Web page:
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Looking for a rigid frame for my '70 A65L??
#818162 07/31/20 10:51 am
Joined: Feb 2011
Posts: 11
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Hi all, just wondering if anyone has stuffed the running gear of a 1970 A65L into a rigid frame?
Any thoughts or advice/guidance on what frame can be used to achieve this?
Any particular things to keep in mind?
Any suggestions where I can start to look for such an item and what would/could be the model I should/could consider?
I'm in the UK so can buy here but the bike is currently in Canada so I'm open to searching for one either here or in N. America


I'm considering attempting my hand at building something along the lines of what is in the link (hope the link works).
https://www.facebook.com/relicmotor...096/1439123646270774/?type=3&theater

Thanks in advance
Mat

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Re: Looking for a rigid frame for my '70 A65L??
Mat & Ruby #818171 07/31/20 1:02 pm
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Have a look up of Peter Derks, I think he is on the Facebook bsa forum and might visit here also. He’s done a plunger A65, it’s a really sweet bike and it’s a bit trick also.


Now let’s all have a beer beerchug

68’ A65 Lightning “clubman”
71’ A65 823 Thunderbolt (undergoing restoration)
67’ D10 sportsman (undergoing restoration)
68’ D14 trials (undergoing transformation)

Re: Looking for a rigid frame for my '70 A65L??
Mat & Ruby #818381 08/02/20 3:32 am
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Can you spell degenerative disc disease? I can...

I usually keep my opinions to myself when someone talks about putting an A65 engine in a hardtail frame, but my back is particularly sore tonight, so I feel compelled to say "Don't do it; you'll regret it some day".

If you have to do it though, here are a few suggestions: 1. A springer works better with a rigid frame than a telescopic front end. 2. Most manufactured hardtail sections lengthen the frame by six inches and lower the rear by four inches. If you don't shorten the front end, it will throw off your steering geometry. 3. Note that early HD and Indian rigids placed the rider and foot controls well forward of the rear wheel, allowing the rider to take more advantage of the front suspension. Also, many seats were mounted such that the pivot point was well forward of the saddle, such that the entire saddle could move up and down, and not just the back of it. (Of course the ultimate in seat suspension was the "pogo stick" seat, where the entire seat could move straight up and down on a sprung vertical post.) With a Brit bike, the rider is very close to being right over the rear wheel, so if you're going to ride it on anything but the smoothest boulevards, it's a good idea to fit it with a 15 or 16-inch rear wheel with a big fat tire; this adds more than you might think in cushioning. When designing the seat, get the pivot point as far forward as possible on the frame, and install the longest springs you can manage, preferably progressive.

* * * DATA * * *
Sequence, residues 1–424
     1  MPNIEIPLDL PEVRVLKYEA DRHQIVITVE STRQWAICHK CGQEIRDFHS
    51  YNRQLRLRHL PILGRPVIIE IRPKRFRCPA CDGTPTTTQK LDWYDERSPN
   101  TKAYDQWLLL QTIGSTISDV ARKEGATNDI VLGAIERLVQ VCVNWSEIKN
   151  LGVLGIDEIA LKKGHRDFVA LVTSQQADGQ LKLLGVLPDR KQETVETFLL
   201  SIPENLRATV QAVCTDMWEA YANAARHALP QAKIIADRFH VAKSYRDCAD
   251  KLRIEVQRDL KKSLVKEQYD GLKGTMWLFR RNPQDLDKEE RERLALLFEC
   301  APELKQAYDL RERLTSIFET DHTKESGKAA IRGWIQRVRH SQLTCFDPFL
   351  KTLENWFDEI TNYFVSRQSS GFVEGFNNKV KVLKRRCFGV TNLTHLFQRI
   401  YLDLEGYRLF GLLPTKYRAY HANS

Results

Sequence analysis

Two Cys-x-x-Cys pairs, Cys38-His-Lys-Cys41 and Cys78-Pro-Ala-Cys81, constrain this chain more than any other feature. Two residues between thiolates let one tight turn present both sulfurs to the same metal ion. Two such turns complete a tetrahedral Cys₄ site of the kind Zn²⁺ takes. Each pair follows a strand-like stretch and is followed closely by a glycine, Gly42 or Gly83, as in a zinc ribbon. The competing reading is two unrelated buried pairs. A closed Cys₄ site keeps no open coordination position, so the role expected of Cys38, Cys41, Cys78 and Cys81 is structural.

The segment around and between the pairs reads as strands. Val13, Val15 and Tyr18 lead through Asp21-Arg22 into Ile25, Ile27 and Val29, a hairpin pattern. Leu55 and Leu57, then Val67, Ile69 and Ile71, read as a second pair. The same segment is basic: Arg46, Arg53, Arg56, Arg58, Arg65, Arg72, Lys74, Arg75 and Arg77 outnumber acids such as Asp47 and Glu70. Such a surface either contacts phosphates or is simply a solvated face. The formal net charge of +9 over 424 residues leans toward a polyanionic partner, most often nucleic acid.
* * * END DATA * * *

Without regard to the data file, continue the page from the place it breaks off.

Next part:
FWIW, the bobber in the picture looks pretty effective, except for the low profile rear tire and no-frills seat.

And remember, even if you manage to set it up such that the ride is bearable, every time you hit a bump, the entire bike is taking that shock, not just the rear wheel and swingarm.


Mark Z

'65(lower)/'66(upper, wheels, front end, controls)/'67(seat, exhaust, fuel tank, headlamp)/'70(frame) A65 Bitsa.
Re: Looking for a rigid frame for my '70 A65L??
Mat & Ruby #818399 08/02/20 10:43 am
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Hi Mark that is really very useful information. It will be nothing more than a toy to toodle about on once in a while.
Well noted on the pivot point for the seat and the tire size! And yes certainly a springer front end.
Looks over function just because I can at this stage in life. Besides a few other bikes in the barn keep my backside comfortable.

Cheers
Mat

Re: Looking for a rigid frame for my '70 A65L??
Mat & Ruby #818407 08/02/20 12:27 pm
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Lowbrow Customs in the US sell prefabricated weld on hard tails for a variety of bikes including Triumphs but not BSA, see This Link. Maybe they could make one for your A65 if you supply dimensions etc.

In the UK there are plenty of frame builders making custom frames, one example is Fenland Choppers see This Link


1968 A65 Firebird
1967 B44 Shooting Star
1972 Norton Commando
Re: Looking for a rigid frame for my '70 A65L??
Mat & Ruby #818419 08/02/20 2:22 pm
Joined: Jun 2020
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Build it right and a rigid can be a lot of fun. An appropriately sprung (and mounted) saddle makes all the difference.

My favorite machine to ride is my 1929 Indian Scout. It is light, handles beautifully and is surprisingly comfortable. It has a full leather saddle, but not a full saddle pan thus the leather is somewhat free to conform to the rider. Springing is adequate, and the pivot attachment point is key. If this is a loose fit, the saddle will feel quite detached from the machine. A solid fit and you feel well connected.


1970 Lightning
1968 Thunderbolt

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